Analysis & Insights on Ferrari’s 2022 Results

Ferrari had a spectacular year in 2022.  Every single key financial indicator grew double digits vs. 2021.  In Q3 2022, Ferrari raised its guidance on every single key metric and then went ahead and beat even the raised goals.  With a broad and fresh product portfolio, they are poised to deliver outstanding growth in the years to come.  Ferrari enjoys an overflowing order book and seems to be navigating the move to hybrids seamlessly.  Ferrari’s 2022 results are a case study in what a highly competent management team, executing a clear strategy, that’s supported by wise forward thinking ownership looks like.  Since the Q3 results were announced, Ferrari stock has been on an upward trajectory and is just off its all-time high.  Today, Ferrari’s market cap is around $50 billion, putting it about on par with Ford, despite selling 0.7% as many cars (I guess the Ford GT didn’t do much for Ford’s market cap).  The recent share price rise is even more impressive when you consider the overall turmoil in the stock markets these days and is a huge vote of confidence in Ferrari’s performance.  The CEO transition to Benedetto Vigna has been flawless and Ferrari did a superior job navigating through the pandemic vs. all of its major competitors.  I believe this is reflected in the transparency that Ferrari demonstrates when it presents the results. 

Ferrari’s superior job of navigating through the pandemic has given it a highly advantaged competitive position moving forward.  In the two main “volume” segments of Ferrari’s business, the Sports Range and Granturismo Range, and the Limited Edition segment, two of its main competitors, McLaren & Aston Martin, have fallen back considerably.  In the Sports Range, McLaren has reduced production significantly and while its current range is still highly competitive, McLaren has struggled with the transition to hybrids.  On the Granturismo side of the business, Ferrari is now so far ahead of Aston Martin, I’m not sure Ferrari even still views them as a competitor.  On the Limited Edition Hypercars, McLaren has throttled back on production and while Aston Martin is still very actively collecting customer deposits for every idea they can come up with, production on AML’s flagship, the Valkyrie, has not exactly gone smoothly and its successor, the Valhalla appears to be mostly vaporware at this point.


The Ferrari earnings call was a lot less insightful than when John Elkann was the acting CEO and doing them.  Elkann, as he is effectively Ferrari’s controlling shareholder, was always willing to provide a bit more color and insights into Ferrari’s longer-term strategy I believe will be the norm going forward as it is a reflection of the new CEO, Benedetto Vigna’s style.  The CFO, Antonio Picca Piccon was also on the call and did his usual nice job of handling the various questions tossed his way.  Vigna comes across as a modest man who holds his cards very close to his chest.  The areas that I found interesting follow:

  • 2022 Key Results: The key numbers for Ferrari in 2022 were 13,221 cars sold, (up 19% vs 2021), Net Revenues of €5,095 million (+19%), and EBITDA of €1,773 million (+16%). Free Cash Flow set a new record at €758 million which is +18% vs. 2021 and +€83 million vs. the prior record set in 2019.  The FCF delivery in 2022 really highlights the strength of the business and how it has rebounded since Covid. In 2022, Ferrari returned €649 million to its shareholders via both dividends and the share repurchase program.  If I didn’t know any better, based on these results, I would suspect that Ferrari secretly discovered oil beneath the Maranello factory.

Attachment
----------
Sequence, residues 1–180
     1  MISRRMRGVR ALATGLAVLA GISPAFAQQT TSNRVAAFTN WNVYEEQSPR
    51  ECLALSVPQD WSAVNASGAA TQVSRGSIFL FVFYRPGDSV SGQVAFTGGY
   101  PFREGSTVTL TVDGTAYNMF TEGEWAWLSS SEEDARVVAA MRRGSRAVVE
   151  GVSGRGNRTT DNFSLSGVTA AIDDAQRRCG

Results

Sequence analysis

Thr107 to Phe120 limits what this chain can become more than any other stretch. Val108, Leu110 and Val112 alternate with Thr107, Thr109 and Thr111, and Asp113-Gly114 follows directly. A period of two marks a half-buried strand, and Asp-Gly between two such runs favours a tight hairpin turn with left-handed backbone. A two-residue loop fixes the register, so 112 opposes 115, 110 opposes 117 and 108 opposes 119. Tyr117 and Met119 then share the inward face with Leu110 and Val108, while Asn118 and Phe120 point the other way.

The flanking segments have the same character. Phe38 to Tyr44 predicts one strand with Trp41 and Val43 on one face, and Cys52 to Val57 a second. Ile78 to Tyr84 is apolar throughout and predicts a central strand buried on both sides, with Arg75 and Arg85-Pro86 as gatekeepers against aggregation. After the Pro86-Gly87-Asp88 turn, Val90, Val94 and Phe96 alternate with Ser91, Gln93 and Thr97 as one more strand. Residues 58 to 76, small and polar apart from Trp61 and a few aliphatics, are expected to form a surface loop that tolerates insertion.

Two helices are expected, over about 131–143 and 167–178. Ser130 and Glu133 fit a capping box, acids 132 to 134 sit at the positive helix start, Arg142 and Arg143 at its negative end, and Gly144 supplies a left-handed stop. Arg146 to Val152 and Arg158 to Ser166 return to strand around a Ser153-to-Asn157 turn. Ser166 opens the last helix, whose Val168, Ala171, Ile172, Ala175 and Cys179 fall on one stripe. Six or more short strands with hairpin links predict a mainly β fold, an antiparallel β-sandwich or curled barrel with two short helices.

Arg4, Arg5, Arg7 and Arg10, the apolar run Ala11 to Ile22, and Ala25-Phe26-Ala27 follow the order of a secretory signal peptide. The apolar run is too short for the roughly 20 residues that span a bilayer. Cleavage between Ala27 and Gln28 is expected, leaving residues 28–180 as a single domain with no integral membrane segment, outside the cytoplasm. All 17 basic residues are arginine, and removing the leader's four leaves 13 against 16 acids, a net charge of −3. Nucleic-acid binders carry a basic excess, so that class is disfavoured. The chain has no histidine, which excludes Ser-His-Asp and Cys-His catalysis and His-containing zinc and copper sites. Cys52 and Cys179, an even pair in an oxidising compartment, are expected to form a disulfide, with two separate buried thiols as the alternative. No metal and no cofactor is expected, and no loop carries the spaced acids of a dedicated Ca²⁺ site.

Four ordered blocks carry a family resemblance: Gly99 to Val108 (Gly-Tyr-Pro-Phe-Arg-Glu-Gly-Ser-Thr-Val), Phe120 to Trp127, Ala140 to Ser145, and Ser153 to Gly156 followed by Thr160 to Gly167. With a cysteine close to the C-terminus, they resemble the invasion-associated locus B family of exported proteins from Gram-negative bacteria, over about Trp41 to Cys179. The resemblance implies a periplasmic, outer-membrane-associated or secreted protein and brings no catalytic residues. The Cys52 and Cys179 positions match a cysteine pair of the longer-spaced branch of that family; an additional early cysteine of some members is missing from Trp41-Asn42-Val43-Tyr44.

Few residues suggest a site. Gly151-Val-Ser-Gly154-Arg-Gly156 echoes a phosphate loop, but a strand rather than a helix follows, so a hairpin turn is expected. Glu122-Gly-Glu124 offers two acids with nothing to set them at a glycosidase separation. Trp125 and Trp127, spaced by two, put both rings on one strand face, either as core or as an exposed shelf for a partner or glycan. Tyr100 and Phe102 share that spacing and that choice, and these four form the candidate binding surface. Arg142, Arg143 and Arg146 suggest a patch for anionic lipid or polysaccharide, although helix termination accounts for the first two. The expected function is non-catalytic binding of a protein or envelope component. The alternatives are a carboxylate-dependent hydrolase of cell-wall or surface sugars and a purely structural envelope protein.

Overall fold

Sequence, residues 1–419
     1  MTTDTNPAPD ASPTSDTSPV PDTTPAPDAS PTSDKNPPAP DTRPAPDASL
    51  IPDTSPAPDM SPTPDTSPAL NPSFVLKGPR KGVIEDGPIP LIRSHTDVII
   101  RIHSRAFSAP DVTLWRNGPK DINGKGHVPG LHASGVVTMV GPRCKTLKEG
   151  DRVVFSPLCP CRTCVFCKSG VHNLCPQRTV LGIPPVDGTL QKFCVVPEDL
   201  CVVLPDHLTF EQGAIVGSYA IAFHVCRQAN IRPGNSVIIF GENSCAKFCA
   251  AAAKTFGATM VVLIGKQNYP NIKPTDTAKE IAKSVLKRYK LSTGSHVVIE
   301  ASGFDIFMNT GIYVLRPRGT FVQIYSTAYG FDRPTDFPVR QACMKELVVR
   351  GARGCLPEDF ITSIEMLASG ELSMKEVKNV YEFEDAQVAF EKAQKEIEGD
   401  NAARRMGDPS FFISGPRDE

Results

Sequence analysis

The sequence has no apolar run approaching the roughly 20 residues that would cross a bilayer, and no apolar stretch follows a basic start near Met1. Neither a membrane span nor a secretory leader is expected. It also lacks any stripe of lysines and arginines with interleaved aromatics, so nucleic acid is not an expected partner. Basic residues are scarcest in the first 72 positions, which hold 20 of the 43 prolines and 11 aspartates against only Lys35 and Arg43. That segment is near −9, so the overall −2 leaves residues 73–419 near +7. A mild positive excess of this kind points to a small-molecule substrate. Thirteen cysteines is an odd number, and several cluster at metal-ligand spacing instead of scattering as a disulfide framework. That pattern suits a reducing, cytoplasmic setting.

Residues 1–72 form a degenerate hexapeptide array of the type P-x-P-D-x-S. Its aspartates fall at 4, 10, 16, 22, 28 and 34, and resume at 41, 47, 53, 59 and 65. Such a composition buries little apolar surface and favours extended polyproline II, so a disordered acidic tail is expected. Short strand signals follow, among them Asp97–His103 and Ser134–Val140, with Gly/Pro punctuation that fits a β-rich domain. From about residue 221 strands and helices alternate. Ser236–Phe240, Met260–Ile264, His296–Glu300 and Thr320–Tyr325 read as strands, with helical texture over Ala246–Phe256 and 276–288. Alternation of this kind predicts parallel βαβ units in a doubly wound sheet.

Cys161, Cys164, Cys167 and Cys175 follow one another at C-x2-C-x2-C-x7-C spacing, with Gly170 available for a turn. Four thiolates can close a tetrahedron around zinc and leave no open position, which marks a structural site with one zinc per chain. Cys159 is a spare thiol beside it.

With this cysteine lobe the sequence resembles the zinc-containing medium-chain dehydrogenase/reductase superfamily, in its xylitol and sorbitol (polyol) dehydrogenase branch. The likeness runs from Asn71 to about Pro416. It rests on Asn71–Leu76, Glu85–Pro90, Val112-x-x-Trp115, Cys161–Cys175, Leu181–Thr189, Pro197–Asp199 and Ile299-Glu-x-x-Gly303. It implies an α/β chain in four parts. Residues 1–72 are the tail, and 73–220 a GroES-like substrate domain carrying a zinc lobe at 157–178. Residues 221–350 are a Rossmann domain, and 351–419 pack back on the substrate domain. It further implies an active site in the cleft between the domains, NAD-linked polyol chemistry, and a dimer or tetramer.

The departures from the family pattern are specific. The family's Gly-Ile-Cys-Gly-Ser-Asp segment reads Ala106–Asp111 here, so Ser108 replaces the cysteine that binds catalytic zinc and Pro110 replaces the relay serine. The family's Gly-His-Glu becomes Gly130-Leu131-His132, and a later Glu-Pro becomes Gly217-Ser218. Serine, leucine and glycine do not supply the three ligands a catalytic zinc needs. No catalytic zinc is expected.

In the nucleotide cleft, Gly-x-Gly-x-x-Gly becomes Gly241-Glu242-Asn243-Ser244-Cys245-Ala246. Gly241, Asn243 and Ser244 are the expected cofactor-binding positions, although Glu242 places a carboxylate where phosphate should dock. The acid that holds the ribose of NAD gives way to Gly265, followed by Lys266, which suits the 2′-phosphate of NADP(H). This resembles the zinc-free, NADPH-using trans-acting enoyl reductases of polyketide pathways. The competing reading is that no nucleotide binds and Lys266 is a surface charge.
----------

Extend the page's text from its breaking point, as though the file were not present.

Over the last several years, Europe received 46-48% of Ferrari’s production.  This rose to 49% in 2021 but dropped back to 45% in 2022 despite an 8.5% rise in deliveries.  North American deliveries accounted for 26% in 2022, flat vs. 2021 but still up 22% in terms of actual units given Ferraris overall increase in production.  Ferrari seems to quite deliberately adjust supply to take advantage of currency movements.  As the US dollar remained quite strong vs. the Euro in 2022, the US received a higher allocation of new cars.  Supply in the US, even with a 22% increase in units, is still short of demand.  As a result, residuals on recent model are still very strong.

  • Product Mix & Profitability: Ferrari’s 2022 profits were €939 million up 12% vs. 2021. Portfolio mix was a negative €16 million driven by the Icona range Monza SP1 & SP2 phase out and partially offset by range model mix (812 GTS and the SF90 Stradale).  Historically it’s been the big V12 GTs that have driven Ferrari’s profitability.  This has now all changed with the introduction of the Icona range and hybrids. The SF90 & 296 ranges are highly profitable and as hybrids grow as a percentage of the overall mix, they will continue to drive margins up.  When the first EV is delivered in 2025, the timing of which Vigna reconfirmed on the analyst call, I would expect that will give margins a further boost.  With the Icona SP3 Daytona & Purosangue SUV deliveries starting in 2023, product mix should be quite positive going forward and help drive long term profitability.
  • Cash Flow, CAPEX, & Debt: 2022 Industrial Free Cash Flow came in at €758 million. This is a €116 million improvement on 2021 number, and this is well ahead of the previous high of €675 million in 2019.  If you are looking for a sign on whether Ferrari has fully recovered post Covid, this is it.  Ferrari has very ambitious plans and is generating the cash needed to bring them to life as demonstrated by the €806 million in 2022 CAPEX spending, up 9% vs. 2021 with a further increase planned in 2023.  As per auto industry norms, Ferrari only capitalizes around 50% of its CAPEX spending, with the balance hitting the P&L in the current year (unlike a certain other public Supercar manufacturer which capitalizes a much higher percentage which helps inflate EBITDA).  I don’t see any concerns with Ferrari’s current debt load.  Total debt is up slightly to €2.8 billion and cash and equivalents are up slightly as well to €1.4 billion with total liquidity of €2.1 billion.  Ferrari does have €905 million of debt coming due in 2023 and has enough cash on hand today to retire all that debt plus the debt maturing thru 2024.